Pool contractor slipped through NC Licensing Board despite bankruptcies, lawsuit

Licensing board lets pool contractor slip through

CHARLOTTE, N.C. (WBTV) - A WBTV Investigation into how a pool contractor swindled dozens of customers out of thousands of dollars has raised new questions about the process contractors go through in North Carolina to obtain a license.

Clients of Charlotte Fiberglass Pools reached out to WBTV in droves after the first story on the company was broadcast. In total, nearly 40 customers have contacted WBTV claiming that they were left with a defective product or worse, didn’t receive anything for the thousands they paid.

Charlotte Fiberglass Pools is owned by Niury Ortiz and her husband, the late Gabe Ortiz, but the actual company name is Bananafish LLC.

What WBTV uncovered led to another investigation. Attorney General Josh Stein’s office opened an investigation into the company, prompted in part by our questions and a stack of complaints his office received.

WBTV found in Mecklenburg and Union counties, Charlotte Fiberglass left dozens of permits open, never getting a final inspection. After our story, Mecklenburg County Code Enforcement announced it was launching new software to better track projects.

WBTV’s continued digging on Charlotte Fiberglass Pools revealed that this wasn’t the first time the owners had tried, and failed, to start a pool company.

  • In 2005, Gabe Ortiz founded Douglas Aquatics in the Charlotte area and in 2007, Ortiz applied for and was granted a license to build swimming pools by the North Carolina Licensing Board for General Contractors.
  • After several years the company faced multiple lawsuits from customers and subcontractors. The company dissolved after they stopped filing paperwork with the North Carolina Secretary of State.
  • In 2011, Niury and Gabe Ortiz filed for bankruptcy in Miami, Florida and defaulted on more than $400,000 in debt.
  • By 2013, they were back in North Carolina and Gabe Ortiz once again filed for a swimming pool license with the Licensing Board. But on the application, Ortiz marked that he had never filed a petition in bankruptcy. He also didn’t check boxes disclosing lawsuits, contract controversy and problems paying for labor and supplies.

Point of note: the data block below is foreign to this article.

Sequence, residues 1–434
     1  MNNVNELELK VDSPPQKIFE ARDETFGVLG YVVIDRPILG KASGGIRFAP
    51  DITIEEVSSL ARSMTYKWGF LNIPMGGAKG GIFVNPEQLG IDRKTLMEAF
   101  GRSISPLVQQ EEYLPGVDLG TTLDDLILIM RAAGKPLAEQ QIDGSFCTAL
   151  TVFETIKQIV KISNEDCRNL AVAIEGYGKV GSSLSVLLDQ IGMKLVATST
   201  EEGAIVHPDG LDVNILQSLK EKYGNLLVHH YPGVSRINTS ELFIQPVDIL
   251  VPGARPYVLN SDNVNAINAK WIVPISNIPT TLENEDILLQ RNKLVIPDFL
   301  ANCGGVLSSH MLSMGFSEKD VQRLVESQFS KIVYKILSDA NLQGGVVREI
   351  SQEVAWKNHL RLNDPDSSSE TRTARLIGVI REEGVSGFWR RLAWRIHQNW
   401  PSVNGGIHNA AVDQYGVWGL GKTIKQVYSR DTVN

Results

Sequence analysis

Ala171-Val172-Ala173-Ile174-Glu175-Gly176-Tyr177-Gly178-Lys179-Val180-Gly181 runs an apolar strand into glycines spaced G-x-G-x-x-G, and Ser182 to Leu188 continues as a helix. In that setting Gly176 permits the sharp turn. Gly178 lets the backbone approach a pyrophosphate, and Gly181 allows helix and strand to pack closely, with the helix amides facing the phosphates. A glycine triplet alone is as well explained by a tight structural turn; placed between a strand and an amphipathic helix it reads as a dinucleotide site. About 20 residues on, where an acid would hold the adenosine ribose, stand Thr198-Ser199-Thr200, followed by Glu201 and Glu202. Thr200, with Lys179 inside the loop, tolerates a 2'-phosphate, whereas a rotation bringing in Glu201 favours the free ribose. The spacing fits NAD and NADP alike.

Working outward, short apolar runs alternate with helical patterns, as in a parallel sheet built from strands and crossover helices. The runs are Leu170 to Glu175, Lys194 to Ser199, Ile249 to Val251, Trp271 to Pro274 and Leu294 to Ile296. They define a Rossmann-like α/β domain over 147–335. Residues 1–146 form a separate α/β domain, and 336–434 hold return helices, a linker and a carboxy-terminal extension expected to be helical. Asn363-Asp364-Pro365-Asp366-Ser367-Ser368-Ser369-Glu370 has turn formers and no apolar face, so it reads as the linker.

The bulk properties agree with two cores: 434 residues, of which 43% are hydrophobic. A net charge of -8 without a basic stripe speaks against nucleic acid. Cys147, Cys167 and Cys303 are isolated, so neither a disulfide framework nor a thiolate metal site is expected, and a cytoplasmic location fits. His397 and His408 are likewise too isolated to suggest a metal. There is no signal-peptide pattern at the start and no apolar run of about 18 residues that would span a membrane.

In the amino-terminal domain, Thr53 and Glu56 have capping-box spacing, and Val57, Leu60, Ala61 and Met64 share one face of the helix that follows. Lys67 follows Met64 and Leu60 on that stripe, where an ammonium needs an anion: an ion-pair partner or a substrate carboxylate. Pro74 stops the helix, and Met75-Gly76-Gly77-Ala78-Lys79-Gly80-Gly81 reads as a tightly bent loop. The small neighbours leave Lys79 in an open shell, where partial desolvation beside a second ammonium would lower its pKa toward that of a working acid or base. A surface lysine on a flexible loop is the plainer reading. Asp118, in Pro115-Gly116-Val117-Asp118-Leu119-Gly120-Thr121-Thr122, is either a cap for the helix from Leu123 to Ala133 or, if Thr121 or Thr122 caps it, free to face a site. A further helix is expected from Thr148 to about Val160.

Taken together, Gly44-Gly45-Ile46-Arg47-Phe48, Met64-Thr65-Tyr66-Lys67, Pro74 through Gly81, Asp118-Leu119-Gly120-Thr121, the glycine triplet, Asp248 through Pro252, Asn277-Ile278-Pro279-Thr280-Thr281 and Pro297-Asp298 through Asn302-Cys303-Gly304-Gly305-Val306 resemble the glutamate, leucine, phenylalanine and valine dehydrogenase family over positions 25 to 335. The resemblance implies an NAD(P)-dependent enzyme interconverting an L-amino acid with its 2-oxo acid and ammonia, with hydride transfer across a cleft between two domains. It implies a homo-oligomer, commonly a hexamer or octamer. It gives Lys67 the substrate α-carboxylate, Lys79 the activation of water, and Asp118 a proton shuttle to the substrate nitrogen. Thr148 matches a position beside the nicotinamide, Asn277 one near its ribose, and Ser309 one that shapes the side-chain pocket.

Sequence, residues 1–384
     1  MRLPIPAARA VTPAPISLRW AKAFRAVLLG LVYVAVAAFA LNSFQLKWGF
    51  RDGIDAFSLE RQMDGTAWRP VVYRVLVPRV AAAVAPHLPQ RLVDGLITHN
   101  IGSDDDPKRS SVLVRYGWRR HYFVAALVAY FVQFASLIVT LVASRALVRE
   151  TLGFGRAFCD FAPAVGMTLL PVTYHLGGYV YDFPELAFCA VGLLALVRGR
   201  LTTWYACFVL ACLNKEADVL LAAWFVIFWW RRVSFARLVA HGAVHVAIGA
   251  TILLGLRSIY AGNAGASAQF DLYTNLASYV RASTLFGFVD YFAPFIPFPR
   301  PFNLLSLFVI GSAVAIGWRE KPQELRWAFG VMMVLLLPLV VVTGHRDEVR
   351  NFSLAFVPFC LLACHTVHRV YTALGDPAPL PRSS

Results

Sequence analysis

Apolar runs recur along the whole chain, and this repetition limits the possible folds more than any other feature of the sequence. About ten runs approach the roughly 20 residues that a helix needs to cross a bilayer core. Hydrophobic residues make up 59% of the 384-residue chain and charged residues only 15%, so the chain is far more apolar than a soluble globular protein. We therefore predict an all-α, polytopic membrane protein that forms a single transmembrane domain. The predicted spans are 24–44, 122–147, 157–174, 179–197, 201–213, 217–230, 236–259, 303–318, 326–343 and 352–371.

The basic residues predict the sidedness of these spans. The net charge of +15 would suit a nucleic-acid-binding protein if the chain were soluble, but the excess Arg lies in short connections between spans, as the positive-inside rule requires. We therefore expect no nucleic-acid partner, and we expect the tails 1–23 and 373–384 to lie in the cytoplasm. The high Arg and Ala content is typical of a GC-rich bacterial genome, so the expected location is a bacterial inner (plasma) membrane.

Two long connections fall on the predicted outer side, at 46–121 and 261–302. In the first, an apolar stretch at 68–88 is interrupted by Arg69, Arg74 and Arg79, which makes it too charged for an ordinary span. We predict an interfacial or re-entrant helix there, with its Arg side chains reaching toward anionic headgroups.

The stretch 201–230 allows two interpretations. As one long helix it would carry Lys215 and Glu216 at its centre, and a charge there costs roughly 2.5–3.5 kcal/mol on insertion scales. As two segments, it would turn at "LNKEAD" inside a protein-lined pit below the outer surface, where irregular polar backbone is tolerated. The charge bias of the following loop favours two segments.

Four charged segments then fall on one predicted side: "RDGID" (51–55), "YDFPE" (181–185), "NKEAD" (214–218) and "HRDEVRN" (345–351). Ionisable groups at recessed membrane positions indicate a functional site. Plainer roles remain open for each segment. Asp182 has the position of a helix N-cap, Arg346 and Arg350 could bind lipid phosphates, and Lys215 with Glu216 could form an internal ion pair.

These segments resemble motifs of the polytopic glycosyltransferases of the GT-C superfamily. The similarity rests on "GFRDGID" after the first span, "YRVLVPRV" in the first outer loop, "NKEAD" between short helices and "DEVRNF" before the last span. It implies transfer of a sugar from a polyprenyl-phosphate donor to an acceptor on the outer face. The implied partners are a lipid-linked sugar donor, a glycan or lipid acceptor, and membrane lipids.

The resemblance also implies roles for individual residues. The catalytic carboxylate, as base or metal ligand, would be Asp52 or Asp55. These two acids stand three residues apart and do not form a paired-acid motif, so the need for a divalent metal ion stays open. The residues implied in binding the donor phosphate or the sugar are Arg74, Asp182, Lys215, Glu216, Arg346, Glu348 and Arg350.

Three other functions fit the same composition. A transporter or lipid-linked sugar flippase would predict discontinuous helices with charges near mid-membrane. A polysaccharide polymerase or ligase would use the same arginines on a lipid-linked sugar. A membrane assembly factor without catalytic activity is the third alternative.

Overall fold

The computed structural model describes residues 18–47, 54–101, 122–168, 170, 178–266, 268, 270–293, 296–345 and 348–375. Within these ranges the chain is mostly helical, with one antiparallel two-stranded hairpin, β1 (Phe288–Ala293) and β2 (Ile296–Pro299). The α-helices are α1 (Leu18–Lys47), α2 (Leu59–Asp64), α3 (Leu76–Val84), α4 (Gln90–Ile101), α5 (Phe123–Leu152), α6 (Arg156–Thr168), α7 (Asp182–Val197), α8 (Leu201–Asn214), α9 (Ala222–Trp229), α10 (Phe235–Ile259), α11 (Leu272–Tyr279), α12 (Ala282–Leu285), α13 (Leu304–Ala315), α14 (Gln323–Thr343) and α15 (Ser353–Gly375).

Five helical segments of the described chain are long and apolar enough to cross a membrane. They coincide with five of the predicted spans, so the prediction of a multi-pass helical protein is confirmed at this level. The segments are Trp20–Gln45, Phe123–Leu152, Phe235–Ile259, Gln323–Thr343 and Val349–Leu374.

Over six years of licensing renewals with the board, Ortiz and Charlotte Fiberglass made numerous falsehoods including marking that they were not under investigation by the licensing board even when they were.

Through all that time Ortiz was able to keep his contractors license while running Charlotte Fiberglass Pools.

“If you file bankruptcy isn’t it public record?” Fiberglass customer Keisha Shabazz told WBTV.

“No one did their job pretty much,” Shabazz said.

“If you’re getting a driver’s license you have to take a driver’s license test. If you’re getting a general contractors license, there should be some validation that the things you are saying are true. If not what’s the point,” Fiberglass customer Adele Hallyburton told WBTV.

WBTV reached out to the Secretary of the North Carolina Licensing Board for General Contractors for an interview. Secretary Frank Weisner turned down three separate interview requests but the WBTV Investigates team showed up at a Licensing Board meeting to ask him questions anyway.

Tomorrow at 6 p.m. WBTV questions Weisner about why and how the licensing board approved Ortiz’s license despite his false claims.

This is the beginning of a special segment WBTV is bringing to you called Construction Corruption. The WBTV Investigates team is looking at some of the biggest, most glaring issues in the construction industry and how they’re leaving consumers vulnerable.

The Construction Corruption special will air Wednesday, October 30th at 7:30 on On Your Side Tonight.

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